• Fruit and vegetable consumption: more than half those who had ever served in the ADF and those who had never served did not meet the NHMRC fruit consumption guidelines[4], which was also similar for both DVA and non-DVA clients. About 95% did not meet the vegetable consumption guidelines[5], regardless of ADF status or DVA client status.
  • Physical activity: Around 80% of males did not meet the 2014 Physical Activity guidelines (including workplace activity), regardless of ADF status or DVA client status. (Figures 11 and 12)[6].

[3]Body mass index (BMI) scores were calculated as weight (kg) divided by height (m)2. 2017–18 NHS publications use aggregated categories for estimates in published tables. Refer to Glossary for more information.

[4]The 2013 Australian Dietary Guidelines recommend that adults eat 2 serves of fruit and 5–6 serves of vegetables per day to achieve adequate fruit and vegetable intake (NHMRC 2013). Refer to Glossary for more information.

[5]The Physical activity and Exercise guidelines developed by the Department of Health outline how much physical activity Australians should do depending on their age. Refer to Glossary for more information.

Figure 11: Physical activity of males aged 18 years and over, by ADF service status, 2017–18

The bar chart shows that males were equally likely to not meet physical activity guidelines, regardless of ADF service status.

Notes

1. The Physical activity and Exercise guidelines outline how much physical activity Australians should do depending on their age.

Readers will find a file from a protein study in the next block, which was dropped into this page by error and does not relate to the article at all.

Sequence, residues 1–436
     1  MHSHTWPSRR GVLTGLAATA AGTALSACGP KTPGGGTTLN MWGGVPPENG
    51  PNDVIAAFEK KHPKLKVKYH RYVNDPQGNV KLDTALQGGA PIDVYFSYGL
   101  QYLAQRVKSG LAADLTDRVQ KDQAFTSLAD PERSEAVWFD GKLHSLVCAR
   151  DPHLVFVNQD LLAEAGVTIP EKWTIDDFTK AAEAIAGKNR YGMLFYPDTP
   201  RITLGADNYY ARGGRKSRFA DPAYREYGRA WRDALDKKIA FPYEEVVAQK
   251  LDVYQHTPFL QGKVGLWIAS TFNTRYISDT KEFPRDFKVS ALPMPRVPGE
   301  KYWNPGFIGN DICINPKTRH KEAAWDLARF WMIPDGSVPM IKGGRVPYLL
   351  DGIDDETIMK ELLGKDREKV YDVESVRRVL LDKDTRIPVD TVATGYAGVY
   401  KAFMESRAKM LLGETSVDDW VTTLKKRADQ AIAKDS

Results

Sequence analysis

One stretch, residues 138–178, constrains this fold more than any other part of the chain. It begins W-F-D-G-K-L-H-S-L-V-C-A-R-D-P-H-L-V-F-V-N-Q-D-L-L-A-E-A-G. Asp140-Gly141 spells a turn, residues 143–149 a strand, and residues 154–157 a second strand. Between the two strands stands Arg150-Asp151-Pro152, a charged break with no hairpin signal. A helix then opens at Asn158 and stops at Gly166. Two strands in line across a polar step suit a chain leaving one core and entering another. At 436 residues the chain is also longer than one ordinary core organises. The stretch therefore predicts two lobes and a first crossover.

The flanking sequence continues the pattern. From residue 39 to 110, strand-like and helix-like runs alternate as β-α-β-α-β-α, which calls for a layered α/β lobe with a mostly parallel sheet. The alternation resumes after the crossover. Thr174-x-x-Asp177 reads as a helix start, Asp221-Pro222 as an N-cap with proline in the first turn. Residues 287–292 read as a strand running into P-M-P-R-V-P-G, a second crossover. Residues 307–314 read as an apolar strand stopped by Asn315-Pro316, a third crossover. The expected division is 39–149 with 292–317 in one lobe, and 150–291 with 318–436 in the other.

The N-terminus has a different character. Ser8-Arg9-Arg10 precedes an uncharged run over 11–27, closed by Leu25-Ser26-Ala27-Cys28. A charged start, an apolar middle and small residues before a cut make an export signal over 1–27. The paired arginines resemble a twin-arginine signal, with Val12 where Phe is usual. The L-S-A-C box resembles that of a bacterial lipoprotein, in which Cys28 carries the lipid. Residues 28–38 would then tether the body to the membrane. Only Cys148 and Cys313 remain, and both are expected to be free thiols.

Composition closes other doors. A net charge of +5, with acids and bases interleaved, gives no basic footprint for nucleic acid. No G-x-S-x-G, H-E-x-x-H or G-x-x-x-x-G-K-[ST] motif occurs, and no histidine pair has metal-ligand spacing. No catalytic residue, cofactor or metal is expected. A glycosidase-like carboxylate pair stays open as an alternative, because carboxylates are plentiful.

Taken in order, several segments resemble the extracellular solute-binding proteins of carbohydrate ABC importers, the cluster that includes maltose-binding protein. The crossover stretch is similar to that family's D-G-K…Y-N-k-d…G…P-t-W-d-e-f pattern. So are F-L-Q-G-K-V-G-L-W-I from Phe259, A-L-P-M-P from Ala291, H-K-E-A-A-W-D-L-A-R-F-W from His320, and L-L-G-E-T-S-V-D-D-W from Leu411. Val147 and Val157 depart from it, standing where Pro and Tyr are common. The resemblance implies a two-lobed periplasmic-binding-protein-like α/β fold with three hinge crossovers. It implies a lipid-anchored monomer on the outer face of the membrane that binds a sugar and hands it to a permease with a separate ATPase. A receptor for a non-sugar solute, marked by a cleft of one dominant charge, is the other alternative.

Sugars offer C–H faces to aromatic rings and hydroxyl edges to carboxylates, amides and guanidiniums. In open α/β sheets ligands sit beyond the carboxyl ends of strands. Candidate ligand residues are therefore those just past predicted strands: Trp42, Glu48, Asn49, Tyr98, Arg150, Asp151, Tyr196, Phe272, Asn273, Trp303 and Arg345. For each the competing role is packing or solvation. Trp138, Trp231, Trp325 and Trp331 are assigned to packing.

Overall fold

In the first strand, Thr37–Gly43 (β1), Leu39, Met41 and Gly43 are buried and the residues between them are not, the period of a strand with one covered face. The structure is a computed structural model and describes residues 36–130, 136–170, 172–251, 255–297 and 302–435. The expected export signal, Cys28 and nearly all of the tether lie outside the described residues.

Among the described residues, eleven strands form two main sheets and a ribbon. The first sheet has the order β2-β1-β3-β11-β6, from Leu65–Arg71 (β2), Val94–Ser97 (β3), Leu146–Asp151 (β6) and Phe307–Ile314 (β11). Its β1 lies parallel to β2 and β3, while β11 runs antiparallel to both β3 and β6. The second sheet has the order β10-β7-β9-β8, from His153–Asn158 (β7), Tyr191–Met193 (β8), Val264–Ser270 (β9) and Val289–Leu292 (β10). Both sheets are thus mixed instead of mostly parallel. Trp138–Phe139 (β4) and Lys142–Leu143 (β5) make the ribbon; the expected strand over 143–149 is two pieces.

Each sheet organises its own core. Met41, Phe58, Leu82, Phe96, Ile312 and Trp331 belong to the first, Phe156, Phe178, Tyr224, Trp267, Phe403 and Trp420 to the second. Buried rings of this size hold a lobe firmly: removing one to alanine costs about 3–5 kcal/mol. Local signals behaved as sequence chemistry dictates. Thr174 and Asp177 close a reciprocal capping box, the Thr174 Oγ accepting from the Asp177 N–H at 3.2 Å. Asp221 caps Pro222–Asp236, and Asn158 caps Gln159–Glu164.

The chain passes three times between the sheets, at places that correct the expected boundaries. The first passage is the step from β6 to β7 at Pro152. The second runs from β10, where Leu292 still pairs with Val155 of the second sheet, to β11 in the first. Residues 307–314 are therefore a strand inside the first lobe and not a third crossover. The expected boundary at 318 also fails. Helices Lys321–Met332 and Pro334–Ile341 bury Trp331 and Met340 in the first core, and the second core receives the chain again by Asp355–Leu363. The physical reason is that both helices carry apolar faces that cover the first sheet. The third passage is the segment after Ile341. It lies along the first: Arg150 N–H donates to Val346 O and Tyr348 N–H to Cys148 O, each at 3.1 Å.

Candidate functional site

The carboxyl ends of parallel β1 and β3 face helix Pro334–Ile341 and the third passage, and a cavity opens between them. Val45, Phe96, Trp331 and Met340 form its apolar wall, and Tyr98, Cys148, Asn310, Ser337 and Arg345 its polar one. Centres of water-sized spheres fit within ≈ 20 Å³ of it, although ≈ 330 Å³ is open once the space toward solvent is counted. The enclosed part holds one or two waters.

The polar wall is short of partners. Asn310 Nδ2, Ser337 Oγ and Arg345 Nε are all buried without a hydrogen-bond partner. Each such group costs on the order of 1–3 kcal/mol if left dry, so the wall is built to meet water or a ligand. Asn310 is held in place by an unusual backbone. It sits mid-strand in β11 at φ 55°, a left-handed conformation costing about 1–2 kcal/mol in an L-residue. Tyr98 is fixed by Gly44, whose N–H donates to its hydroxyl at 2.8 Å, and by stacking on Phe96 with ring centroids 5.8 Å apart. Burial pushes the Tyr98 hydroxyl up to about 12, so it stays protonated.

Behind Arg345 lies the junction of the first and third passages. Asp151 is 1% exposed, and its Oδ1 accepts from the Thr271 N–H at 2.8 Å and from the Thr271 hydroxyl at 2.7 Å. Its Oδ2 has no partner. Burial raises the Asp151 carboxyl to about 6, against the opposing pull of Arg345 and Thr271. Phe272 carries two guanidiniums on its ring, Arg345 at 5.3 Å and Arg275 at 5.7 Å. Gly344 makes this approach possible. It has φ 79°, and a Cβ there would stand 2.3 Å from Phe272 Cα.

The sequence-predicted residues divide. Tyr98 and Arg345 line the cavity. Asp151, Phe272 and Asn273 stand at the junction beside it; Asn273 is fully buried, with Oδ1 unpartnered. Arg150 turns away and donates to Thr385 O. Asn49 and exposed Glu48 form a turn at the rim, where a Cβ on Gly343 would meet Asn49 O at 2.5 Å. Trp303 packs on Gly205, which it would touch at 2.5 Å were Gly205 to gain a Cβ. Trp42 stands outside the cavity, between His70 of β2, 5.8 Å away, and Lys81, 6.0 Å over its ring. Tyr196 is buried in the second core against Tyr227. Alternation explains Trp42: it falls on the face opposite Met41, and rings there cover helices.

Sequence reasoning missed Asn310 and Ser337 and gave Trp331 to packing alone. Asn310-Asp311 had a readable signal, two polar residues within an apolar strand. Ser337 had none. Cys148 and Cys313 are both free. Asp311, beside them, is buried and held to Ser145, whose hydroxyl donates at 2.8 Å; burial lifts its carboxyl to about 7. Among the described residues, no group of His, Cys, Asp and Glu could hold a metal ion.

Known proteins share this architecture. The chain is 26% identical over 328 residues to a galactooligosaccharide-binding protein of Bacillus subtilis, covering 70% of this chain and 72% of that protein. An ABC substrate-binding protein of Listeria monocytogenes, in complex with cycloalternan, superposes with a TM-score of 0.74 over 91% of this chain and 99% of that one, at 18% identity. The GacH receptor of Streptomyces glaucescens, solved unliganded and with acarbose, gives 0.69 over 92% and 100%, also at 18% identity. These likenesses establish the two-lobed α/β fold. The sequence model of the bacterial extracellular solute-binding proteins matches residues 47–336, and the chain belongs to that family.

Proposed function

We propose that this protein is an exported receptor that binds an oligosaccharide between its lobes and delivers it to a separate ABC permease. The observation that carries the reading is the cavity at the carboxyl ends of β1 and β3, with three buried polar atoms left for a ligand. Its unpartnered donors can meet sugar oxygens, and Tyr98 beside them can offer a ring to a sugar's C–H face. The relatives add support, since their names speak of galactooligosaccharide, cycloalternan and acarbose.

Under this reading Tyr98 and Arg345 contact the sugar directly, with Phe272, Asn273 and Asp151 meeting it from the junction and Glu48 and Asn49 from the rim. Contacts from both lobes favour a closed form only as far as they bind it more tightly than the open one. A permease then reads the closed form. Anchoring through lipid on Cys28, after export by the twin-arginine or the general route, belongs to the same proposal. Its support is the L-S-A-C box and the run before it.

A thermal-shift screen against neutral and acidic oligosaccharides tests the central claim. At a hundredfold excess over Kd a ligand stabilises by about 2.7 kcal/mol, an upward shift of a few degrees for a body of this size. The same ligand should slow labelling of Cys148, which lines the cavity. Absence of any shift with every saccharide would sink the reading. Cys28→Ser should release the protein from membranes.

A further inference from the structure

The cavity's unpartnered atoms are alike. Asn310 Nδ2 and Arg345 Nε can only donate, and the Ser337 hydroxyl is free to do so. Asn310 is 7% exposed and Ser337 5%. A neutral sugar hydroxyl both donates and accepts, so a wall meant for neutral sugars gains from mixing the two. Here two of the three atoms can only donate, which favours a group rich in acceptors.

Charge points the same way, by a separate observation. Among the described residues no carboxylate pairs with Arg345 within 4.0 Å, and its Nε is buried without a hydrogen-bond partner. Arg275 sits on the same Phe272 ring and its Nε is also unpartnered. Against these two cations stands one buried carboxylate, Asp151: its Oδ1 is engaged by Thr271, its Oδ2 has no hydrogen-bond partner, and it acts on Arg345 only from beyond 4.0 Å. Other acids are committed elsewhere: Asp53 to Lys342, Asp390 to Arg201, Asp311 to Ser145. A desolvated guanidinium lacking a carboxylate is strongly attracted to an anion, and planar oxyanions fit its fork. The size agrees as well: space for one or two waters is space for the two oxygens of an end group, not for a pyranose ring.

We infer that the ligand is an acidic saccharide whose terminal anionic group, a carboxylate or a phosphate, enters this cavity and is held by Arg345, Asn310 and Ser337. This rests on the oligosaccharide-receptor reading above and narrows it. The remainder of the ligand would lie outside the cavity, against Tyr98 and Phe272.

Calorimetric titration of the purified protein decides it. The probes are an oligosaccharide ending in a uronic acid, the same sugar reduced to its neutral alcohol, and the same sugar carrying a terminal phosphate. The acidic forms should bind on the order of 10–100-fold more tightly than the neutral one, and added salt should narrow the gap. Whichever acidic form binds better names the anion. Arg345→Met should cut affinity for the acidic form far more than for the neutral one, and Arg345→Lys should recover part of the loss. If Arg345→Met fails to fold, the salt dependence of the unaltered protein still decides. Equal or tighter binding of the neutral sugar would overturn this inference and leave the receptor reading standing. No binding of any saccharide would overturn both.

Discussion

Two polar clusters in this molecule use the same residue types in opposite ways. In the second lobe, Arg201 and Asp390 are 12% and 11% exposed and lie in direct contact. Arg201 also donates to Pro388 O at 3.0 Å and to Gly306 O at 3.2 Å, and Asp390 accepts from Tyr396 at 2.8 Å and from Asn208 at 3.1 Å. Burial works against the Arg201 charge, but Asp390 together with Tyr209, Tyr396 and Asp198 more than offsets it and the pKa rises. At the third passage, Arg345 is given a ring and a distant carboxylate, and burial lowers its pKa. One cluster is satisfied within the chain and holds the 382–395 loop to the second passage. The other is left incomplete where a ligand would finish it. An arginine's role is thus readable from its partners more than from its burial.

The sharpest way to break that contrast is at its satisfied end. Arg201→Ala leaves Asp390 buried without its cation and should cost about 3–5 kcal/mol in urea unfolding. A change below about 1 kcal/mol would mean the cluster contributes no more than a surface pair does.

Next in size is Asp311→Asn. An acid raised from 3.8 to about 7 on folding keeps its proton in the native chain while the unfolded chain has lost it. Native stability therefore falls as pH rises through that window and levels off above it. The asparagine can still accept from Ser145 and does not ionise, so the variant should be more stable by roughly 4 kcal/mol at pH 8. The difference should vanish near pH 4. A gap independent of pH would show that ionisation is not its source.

2. Results have been randomly adjusted to avoid the release of confidential data.

3. Proportions have been calculated using weighted estimates.

4. The thin vertical lines superimposed over the top end of each bar are 95% confidence intervals.

Chart: AIHW.

Source: ABS (2018) Microdata: National Health Survey, 2017–18, ABS cat no. 4324.0.55. 001, findings based on TableBuilder analysis. Canberra: ABS. See Health of veterans: supplementary data tables – Table S6.

Figure 12: Physical activity of males aged 18 years and over, by DVA client status, 2017–18

The bar chart shows that males were equally likely to not meet physical activity guidelines, regardless of DVA client status.

Notes

1. The Physical activity and Exercise guidelines outline how much physical activity Australians should do depending on their age.

2. Results have been randomly adjusted to avoid the release of confidential data.

3. Proportions have been calculated using weighted estimates.

4. The thin vertical lines superimposed over the top end of each bar are 95% confidence intervals.

Chart: AIHW.

Source: ABS (2018) Microdata: National Health Survey, 2017–18, ABS cat no. 4324.0.55. 001, findings based on TableBuilder analysis. Canberra: ABS. See Health of veterans: supplementary data tables – Table S6.